You can stay free at many Wal-Mart parking lots (ask the manager) and at Camping World(s). Also, many of the larger casinos. At least here in Washington State. Of course, most of it is "dry" camping. But the price is right!

My dog and I have been to Yellowstone many times in our 13' Compact Junior, and no way would I ever want to be in a tent trailer in grizzly country.
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Old 08-23-2015, 01:24 AM   #23
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Roomy sleeping

By the way, one advantage of my 1970's rear-door trailer is that you can make the entire front of it into one large 80" long bed wide enough (if you squeeze) for 2 adults & 2 little kids. And no one has to climb over another to get out!
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Old 08-23-2015, 03:26 AM   #24
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I would go the fiberglass route. It can get wet for weeks on end, especially if you decide to hit Alaska / Canada in late July or August (our rainy season). Tents need time to dry out, and are miserable if packed and unpacked wet several days in a row. If you are sincere about possibly offloading a trailer in Alaska, I recommend posting on the Anchorage Craigslist, Scamps and other small towables are very popular up here. With a little effort you could turn a small profit on a used one in decent condition.
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Old 08-23-2015, 06:10 AM   #25
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Quote:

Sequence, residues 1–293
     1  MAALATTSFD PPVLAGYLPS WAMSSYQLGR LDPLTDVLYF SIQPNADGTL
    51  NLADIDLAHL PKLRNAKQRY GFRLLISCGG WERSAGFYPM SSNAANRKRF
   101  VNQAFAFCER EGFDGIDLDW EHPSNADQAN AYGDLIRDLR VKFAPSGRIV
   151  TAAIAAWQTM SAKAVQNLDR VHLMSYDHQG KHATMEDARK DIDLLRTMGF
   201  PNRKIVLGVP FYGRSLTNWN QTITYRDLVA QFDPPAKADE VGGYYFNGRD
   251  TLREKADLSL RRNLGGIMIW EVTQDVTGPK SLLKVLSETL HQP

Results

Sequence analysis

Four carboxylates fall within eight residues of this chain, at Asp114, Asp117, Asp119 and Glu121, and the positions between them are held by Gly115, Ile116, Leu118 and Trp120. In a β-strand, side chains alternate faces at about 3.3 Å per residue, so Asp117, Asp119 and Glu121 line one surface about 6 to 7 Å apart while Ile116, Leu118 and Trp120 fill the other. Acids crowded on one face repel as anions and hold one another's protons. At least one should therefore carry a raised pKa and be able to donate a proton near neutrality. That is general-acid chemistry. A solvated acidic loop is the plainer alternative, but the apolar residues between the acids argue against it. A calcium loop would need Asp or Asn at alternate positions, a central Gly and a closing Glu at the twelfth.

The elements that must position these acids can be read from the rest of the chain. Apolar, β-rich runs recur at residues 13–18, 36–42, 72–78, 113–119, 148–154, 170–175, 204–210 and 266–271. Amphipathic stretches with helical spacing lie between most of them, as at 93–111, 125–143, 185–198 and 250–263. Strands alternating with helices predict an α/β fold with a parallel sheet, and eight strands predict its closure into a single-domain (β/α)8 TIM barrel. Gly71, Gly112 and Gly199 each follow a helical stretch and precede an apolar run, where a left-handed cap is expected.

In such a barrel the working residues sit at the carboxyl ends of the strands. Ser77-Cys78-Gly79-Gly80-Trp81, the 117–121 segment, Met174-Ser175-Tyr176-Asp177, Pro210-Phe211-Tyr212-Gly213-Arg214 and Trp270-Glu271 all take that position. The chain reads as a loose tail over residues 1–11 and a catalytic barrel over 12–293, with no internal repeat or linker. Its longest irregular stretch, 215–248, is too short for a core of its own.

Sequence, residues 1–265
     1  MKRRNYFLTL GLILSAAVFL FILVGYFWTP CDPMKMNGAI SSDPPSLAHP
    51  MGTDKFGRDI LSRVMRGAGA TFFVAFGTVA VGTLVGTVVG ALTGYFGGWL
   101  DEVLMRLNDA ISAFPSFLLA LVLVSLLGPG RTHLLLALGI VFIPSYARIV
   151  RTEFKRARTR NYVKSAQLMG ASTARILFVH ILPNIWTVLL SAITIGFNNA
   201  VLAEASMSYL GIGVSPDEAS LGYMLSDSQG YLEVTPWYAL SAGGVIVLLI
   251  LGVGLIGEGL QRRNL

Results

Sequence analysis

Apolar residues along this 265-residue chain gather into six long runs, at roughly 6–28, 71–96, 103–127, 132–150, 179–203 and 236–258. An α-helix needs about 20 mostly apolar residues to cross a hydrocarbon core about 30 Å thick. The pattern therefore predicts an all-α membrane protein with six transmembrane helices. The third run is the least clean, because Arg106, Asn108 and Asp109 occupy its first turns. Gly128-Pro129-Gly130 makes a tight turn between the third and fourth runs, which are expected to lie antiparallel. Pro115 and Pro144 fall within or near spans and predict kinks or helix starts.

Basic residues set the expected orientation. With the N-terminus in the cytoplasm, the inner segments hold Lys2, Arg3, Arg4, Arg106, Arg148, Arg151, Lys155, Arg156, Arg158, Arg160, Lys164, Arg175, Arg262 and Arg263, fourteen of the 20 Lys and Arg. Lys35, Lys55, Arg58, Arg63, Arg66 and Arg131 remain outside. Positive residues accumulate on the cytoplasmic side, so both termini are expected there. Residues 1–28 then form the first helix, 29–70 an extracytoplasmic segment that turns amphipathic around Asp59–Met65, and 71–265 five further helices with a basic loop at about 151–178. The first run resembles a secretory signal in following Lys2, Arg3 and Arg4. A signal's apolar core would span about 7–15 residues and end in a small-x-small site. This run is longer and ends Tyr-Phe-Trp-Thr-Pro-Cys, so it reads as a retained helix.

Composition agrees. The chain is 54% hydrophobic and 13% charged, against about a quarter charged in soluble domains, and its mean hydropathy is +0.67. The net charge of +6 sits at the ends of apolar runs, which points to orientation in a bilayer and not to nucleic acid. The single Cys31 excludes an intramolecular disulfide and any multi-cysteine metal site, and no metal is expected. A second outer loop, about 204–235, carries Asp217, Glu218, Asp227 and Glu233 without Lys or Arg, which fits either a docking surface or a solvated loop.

Originally Posted by CarrieR View Post
Pop-ups are so readily available that I fear we couldn't get rid of it when we need to.
Hi Carrie. Years ago we bought a good 2 year old Coleman pop up and used it for 5 years. We took it all over North America.

We took care of it and after 5 years we sold it in hours for the price we paid for it.

They are easy to mount bikes etc on the roof.


Quote:
Originally Posted by CarrieR View Post
I do have the factory tow package- my owners manual says maximum trailer weight is 4500 lbs. I do want to stay well under that.
Your Ford Flex is a very capable, proven tow vehicle. There are some interesting reviews of some that are towing some good sized travel trailers and they work well. If I had the size of family and a dog that you have I would be looking for a larger egg. Your Flex can easily handle it provided you get the connection (hitch) set up right.
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Old 08-23-2015, 07:09 PM   #26
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New, pondering options for road trip

Quote:
Originally Posted by CarrieR View Post
I can park something at my brother's house for at least a few months. Maybe I can just keep my eye out on the used market next spring, and let fate decide whether we tent, pop-up, or trailer.

Do you pop-ups weigh less than fiberglass? Can you put bikes on top?